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Measuring health-relevant businesses over 21 years: refining the National Establishment Time-Series (NETS), a dynamic longitudinal data set

Overview of attention for article published in BMC Research Notes, September 2015
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Mentioned by

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2 tweeters

Citations

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23 Dimensions

Readers on

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32 Mendeley
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Title
Measuring health-relevant businesses over 21 years: refining the National Establishment Time-Series (NETS), a dynamic longitudinal data set
Published in
BMC Research Notes, September 2015
DOI 10.1186/s13104-015-1482-4
Pubmed ID
Authors

Tanya K. Kaufman, Daniel M. Sheehan, Andrew Rundle, Kathryn M. Neckerman, Michael D. M. Bader, Darby Jack, Gina S. Lovasi

Abstract

The densities of food retailers, alcohol outlets, physical activity facilities, and medical facilities have been associated with diet, physical activity, and management of medical conditions. Most of the research, however, has relied on cross-sectional studies. In this paper, we assess methodological issues raised by a data source that is increasingly used to characterize change in the local business environment: the National Establishment Time Series (NETS) dataset. Longitudinal data, such as NETS, offer opportunities to assess how differential access to resources impacts population health, to consider correlations among multiple environmental influences across the life course, and to gain a better understanding of their interactions and cumulative health effects. Longitudinal data also introduce new data management, geoprocessing, and business categorization challenges. Examining geocoding accuracy and categorization over 21 years of data in 23 counties surrounding New York City (NY, USA), we find that health-related business environments change considerably over time. We note that re-geocoding data may improve spatial precision, particularly in early years. Our intent with this paper is to make future public health applications of NETS data more efficient, since the size and complexity of the data can be difficult to exploit fully within its 2-year data-licensing period. Further, standardized approaches to NETS and other "big data" will facilitate the veracity and comparability of results across studies.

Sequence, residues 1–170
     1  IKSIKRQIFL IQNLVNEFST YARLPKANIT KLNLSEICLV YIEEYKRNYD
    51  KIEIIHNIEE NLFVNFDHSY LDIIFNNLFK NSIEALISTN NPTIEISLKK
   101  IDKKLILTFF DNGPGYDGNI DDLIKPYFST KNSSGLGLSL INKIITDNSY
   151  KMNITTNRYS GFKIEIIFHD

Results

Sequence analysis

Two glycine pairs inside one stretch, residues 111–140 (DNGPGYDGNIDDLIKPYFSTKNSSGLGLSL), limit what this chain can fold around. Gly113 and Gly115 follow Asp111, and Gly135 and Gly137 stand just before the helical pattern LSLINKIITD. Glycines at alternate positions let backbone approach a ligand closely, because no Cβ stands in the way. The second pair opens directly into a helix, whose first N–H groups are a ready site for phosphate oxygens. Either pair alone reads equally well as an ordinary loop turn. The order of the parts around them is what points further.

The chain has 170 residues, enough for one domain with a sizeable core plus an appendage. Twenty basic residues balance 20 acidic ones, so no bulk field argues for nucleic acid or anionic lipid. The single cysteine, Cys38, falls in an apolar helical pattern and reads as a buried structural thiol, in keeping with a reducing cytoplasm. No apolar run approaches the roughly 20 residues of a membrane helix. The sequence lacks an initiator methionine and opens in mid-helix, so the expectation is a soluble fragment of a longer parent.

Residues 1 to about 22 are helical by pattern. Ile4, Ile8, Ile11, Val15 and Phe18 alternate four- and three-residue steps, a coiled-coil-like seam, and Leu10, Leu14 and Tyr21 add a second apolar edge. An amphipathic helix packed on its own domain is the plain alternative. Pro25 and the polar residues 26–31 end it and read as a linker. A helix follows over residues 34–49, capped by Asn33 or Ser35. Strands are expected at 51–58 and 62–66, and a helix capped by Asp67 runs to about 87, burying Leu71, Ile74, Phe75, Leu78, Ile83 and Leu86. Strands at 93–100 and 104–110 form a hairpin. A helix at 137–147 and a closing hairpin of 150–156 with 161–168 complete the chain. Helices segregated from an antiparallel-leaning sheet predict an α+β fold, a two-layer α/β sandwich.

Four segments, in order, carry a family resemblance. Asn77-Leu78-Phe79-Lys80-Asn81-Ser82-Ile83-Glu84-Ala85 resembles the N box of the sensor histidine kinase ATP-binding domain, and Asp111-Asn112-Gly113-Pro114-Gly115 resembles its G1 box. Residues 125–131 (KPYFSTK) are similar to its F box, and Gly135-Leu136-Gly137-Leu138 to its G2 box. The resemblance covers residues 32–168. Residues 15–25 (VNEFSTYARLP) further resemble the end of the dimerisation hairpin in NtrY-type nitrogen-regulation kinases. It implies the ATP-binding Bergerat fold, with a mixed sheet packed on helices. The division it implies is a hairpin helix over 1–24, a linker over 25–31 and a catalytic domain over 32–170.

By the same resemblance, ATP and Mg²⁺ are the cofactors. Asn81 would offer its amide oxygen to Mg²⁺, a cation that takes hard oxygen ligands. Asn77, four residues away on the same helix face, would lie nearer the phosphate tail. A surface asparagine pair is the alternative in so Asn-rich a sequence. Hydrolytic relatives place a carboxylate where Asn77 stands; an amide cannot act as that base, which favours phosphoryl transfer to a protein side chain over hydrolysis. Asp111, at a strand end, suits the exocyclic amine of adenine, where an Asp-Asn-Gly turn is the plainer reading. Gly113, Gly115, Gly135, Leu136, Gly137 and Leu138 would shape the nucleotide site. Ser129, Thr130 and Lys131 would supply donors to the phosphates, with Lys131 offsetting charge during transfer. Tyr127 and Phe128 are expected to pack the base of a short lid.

Twitter Demographics

The data shown below were collected from the profiles of 2 tweeters who shared this research output. Click here to find out more about how the information was compiled.

Mendeley readers

The data shown below were compiled from readership statistics for 32 Mendeley readers of this research output. Click here to see the associated Mendeley record.

Geographical breakdown

Country Count As %
United Kingdom 1 3%
United States 1 3%
Unknown 30 94%

Demographic breakdown

Readers by professional status Count As %
Student > Ph. D. Student 9 28%
Student > Master 6 19%
Student > Doctoral Student 3 9%
Researcher 3 9%
Professor 2 6%
Other 3 9%
Unknown 6 19%
Readers by discipline Count As %
Social Sciences 7 22%
Medicine and Dentistry 5 16%
Nursing and Health Professions 2 6%
Economics, Econometrics and Finance 2 6%
Engineering 2 6%
Other 4 13%
Unknown 10 31%

Attention Score in Context

This research output has an Altmetric Attention Score of 2. This is our high-level measure of the quality and quantity of online attention that it has received. This Attention Score, as well as the ranking and number of research outputs shown below, was calculated when the research output was last mentioned on 06 October 2015.
All research outputs
#2,774,114
of 6,297,749 outputs
Outputs from BMC Research Notes
#787
of 1,787 outputs
Outputs of similar age
#96,767
of 198,318 outputs
Outputs of similar age from BMC Research Notes
#66
of 170 outputs
Altmetric has tracked 6,297,749 research outputs across all sources so far. This one has received more attention than most of these and is in the 53rd percentile.
So far Altmetric has tracked 1,787 research outputs from this source. They receive a mean Attention Score of 4.1. This one has gotten more attention than average, scoring higher than 51% of its peers.
Older research outputs will score higher simply because they've had more time to accumulate mentions. To account for age we can compare this Altmetric Attention Score to the 198,318 tracked outputs that were published within six weeks on either side of this one in any source. This one is in the 46th percentile – i.e., 46% of its contemporaries scored the same or lower than it.
We're also able to compare this research output to 170 others from the same source and published within six weeks on either side of this one. This one has gotten more attention than average, scoring higher than 56% of its contemporaries.